Human brain also generates type II, and III clones, as described for the adult rodent. Dissociating biopsy specimens from the adult human temporal lobe yields type II, and III spheres using the same culture methods as described for isolating type II and type II spheres from rodent brain tissue. In addition, similar to the adult rodent, human brain may also generate type I clones. FIG. 7D shows human spheres at the light and electron microscopic level that have many of the same cytological feature as described in rodent spheres.

EXAMPLE 10 Transplantation (Grafting) of Type I or II Clones from ROSA-26 Adult Mice

Type II or III clones, generated as described in Examples 2 and 3 (see, above) from adult ROSA-26 transgenic mice (see, Friedrich et al., Genes Dev., 5:1513-1523 (1991)), were aspirated, with media, into a Hamilton microsyringe with an attached 31 gauge needle using a video stereomicroscope set-up. 1 μl was slowly injected into the adult ICR mouse striatum. For stereotaxic coordinates, as well as details for the histochemical detection of β-galactosidase activity, see Gates et al., Neuroscience, 74:579-597 (1996)). Type II and III clones were also found to exhibit X-gal labeling in vitro (see, FIG. 6). Survival times of 7-14 days were observed thus far, with a 10-day survival shown in FIG. 6. It is possible that the transplants can survive longer times, simply carrying the experiment out for a longer time point will determine that. Preliminary studies also indicate that grafted type II and III spheres from adult human brains give rise to cells that survive in the mature brains of immunocompromised mice.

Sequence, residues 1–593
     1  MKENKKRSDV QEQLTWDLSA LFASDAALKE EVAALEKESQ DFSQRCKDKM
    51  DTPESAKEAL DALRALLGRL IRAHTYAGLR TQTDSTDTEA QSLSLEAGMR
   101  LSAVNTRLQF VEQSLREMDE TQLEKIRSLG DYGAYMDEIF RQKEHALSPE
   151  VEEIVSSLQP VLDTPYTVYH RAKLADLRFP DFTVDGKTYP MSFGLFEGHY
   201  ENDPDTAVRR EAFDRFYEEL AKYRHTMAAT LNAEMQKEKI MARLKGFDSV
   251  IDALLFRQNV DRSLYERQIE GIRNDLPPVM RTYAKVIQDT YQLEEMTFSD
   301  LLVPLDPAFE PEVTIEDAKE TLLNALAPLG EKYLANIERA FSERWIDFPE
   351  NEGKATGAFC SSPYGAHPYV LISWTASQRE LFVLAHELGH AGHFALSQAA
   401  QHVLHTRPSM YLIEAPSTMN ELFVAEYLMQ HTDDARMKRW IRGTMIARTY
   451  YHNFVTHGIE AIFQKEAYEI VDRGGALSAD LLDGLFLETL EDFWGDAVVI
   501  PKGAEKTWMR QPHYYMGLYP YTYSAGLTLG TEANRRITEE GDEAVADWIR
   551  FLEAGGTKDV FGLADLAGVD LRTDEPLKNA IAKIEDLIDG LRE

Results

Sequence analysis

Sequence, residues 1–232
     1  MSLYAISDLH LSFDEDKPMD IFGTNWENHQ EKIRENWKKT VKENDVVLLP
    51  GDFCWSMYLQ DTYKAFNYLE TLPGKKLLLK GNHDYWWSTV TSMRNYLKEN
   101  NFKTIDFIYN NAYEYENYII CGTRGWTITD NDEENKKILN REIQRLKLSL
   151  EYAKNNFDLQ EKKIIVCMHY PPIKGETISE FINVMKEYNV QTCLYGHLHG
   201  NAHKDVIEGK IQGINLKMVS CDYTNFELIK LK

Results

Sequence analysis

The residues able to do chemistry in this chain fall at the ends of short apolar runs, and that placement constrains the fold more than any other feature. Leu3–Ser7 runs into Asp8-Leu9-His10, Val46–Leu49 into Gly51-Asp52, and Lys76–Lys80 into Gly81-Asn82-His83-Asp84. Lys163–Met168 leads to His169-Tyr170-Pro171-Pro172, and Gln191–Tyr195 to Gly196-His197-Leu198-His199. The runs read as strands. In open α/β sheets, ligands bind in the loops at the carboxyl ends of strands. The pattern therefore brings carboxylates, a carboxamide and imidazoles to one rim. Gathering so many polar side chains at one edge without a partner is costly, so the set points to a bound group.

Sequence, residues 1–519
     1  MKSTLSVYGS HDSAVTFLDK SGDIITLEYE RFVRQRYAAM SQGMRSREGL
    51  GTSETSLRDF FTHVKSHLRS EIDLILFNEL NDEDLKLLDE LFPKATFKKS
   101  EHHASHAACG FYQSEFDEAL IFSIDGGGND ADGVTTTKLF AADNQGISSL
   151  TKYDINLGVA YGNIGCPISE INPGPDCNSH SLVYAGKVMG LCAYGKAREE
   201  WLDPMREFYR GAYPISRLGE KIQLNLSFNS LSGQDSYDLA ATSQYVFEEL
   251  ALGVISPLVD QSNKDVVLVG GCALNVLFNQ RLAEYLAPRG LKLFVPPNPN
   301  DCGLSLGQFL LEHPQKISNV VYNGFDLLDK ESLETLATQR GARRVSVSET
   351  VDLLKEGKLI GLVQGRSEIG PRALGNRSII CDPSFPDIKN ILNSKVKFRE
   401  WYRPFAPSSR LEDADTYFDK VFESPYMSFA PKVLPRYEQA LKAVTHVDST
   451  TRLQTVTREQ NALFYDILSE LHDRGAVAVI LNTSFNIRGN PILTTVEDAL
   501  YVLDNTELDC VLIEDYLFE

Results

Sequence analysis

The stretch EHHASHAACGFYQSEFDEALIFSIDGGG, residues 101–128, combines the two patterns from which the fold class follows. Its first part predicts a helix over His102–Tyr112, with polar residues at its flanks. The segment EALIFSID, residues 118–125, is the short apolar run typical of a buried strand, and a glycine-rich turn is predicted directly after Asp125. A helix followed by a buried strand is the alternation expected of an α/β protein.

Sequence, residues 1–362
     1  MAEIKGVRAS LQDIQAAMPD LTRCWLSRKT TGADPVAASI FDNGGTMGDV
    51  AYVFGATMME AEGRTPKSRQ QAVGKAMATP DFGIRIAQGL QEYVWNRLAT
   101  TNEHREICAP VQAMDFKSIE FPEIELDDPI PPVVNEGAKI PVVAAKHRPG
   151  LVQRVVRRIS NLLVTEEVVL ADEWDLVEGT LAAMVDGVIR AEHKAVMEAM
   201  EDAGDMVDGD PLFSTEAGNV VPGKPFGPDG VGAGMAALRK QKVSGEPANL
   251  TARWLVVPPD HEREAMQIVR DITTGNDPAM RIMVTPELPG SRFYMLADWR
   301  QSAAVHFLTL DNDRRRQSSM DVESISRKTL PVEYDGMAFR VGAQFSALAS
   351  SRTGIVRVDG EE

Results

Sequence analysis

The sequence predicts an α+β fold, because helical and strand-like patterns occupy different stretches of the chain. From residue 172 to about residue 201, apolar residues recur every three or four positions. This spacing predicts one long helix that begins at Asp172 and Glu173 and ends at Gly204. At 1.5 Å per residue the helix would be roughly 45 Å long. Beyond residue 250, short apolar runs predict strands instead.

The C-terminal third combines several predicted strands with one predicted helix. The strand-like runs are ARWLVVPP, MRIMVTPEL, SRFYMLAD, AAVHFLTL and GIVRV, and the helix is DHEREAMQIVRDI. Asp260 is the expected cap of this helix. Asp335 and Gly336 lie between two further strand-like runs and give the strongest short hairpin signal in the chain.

In addition, the transplants can differentiate into different types of resident neuronal populations. For example, some of the transplanted spheres from β-galactosidase-positive mice differentiate into astrocytes in the host ICR (non-β-galactosidase-positive brain); some transplanted spheres differentiate into neurons. Immunocytochemistry with GFAP revealed the presence of labeled astrocytes and non-labeled larger cells that are presumed to be neurons. Furthermore, in vitro cultures using feeder cells from different parts of the body (i.e. endothelial cells, lung endothelial cells, or kidney cells), change the gross morphology of the spheres generated. Both of these in vitro, and in vivo experiments suggest that the environment into which the spheres are transplanted contributes to the type of cells into which they will differentiate. It may therefore be possible to direct the phenotype of the precursor/stem cells using cell feeder layers from specific tissues, as well as other molecular priming approaches, and genetic manipulations (e.g. transfections, or viral infections).